Architects have been thinking about, arguing over, and adding building maintenance systems into all kind of buildings for the last couple of decades.
If you are like most architects, builders or owners of the buildings you truly care about designing a building that will be beautiful and last that way for years.
But there is a problem.
Though maintaining and keeping a building in a good condition is an essential part of the process it’s not what comes to a mind first when you think about building a prestige building.
Large buildings and especially skyscraper facades were arguably much simpler and easier to maintain when they had their windows opened. But with the innovations of glass curtain walls as a part of the building envelopes became common in the 1950s, windows became a fixed building facade. Windows didn’t open anymore and maintaining them required access from the outside, and became much harder. That created a need for building maintenance systems. At the time when buildings were designed with flat roofs and mostly straight angles it was fairly easy to accommodate maintenance equipment in the roof and design suspended platforms moving up or down on the facade.
Today building’s periodic maintenance routine is as important as ever, but designing safe and aesthetic systems to access facades has become increasingly complex and require true engineering. Think about famous Sydney Opera House, Burj Khalifa in Dubai or Petronas Twin Towers in Kuala Lumpur.
Photo by Keith Zhu
Buildings have become an art with the complex shapes and curves. Architects of these buildings have to consider facade maintenance and cleaning systems from the very beginning to make sure it’s possible to design them without sacrificing safety and looks.
In addition to complex shapes, even relatively small buildings contain many components which need regular inspection, maintenance, and repair. Most people understand that roofing systems such as heating, ventilation and air conditioning (HVAC) need periodic maintenance, but too often the facade of the building is overlooked in terms of maintenance. It’s understandable because it takes a time for many problems such as rust, spalling or sealants to develop and these problems can go unnoticed for long periods of time if there is no regular inspection and maintenance process.
That’s why a comprehensive and regular maintenance program is a key factor in keeping a building in shape and safe. To execute inspections and maintenance it’s crucial to have a facade access systems that are well designed to enable effective work on the heights.
Washing skyscraper windows
To make the case simple let’s talk about window cleaning only because it’s at the heart of the building’s periodic maintenance routine. Most windows need to be washed 2-4 times a year. There are experiments with automated cleaning robots etc. but still today nearly all of this work is done by hand. Cleaning the windows of skyscraper takes a long time. Depending on the shape and height of the skyscraper washing windows will take anything from weeks to months of work from a team of professionals.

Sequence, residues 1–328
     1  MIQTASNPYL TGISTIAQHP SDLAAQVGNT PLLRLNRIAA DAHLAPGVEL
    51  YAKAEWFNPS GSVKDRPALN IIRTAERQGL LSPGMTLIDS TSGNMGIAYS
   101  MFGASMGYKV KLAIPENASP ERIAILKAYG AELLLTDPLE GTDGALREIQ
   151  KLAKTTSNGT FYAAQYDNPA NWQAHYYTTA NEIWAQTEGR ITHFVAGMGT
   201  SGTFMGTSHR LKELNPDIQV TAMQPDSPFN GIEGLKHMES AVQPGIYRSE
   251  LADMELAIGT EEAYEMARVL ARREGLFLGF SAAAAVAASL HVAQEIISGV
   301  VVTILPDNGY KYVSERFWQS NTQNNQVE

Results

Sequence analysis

World’s tallest building Burj Khalifa is 829,8m high and has 24 830 windows. When the building was cleaned in 2012 a team of 36 people needed three months to wash it. That’s about 17 000 hours of work!
Another example is Petronas Towers, a symbol of the Malaysia. It takes two months to wash all 32 000 windows of the whole complex. When workers have finished washing they go back to the top and begin the same work again.
These examples are only window washing and in addition to that comes all the other maintenance work. This should prove that maintenance programs should be well planned and budgeted. Designing and acquiring building maintenance systems is mainly one-time project which should be done with the ongoing maintenance in mind. Well designed and engineered systems will cost more but the return on investment can be calculated quite easily.
Inspection and maintenance
In addition to window cleaning facade maintenance and inspections should include taking care of:
- Damaged windows or glass
- Rust marks at steele locations
- Eroded mortar
- Spalling or efflorescence on brick
- Cracks in concrete or masonry
- Corroded lintels
- Rusted window frames
- Parapet deterioration
- Condensation on glass
- Sealants at expansion joints
- Bulbs and light signs
- Solar panels
- Green roof and walls
If inspections are done regularly it’s possible to correct minor problems before they become major ones. By doing this the lifespan of the building components can be extended and most importantly the safety won’t be risked failures without warning shouldn't occur. Regular inspections will also identify problems and materials approaching the end of their lifecycle and replacements or service can be scheduled and budgeted in advance.
An increasing number of buildings don’t have straight sides anymore and as a result, more engineering is needed to design proper systems to guarantee safe and easy access to facades. As a result, architects must select a facade access solutions and technologies that will work with the buildings specific shapes, and this needs to be done at an early stage of design.
By doing this it’s possible to design solutions which will not only blend into a building but also save a lot of time and money when regular maintenance is done for years.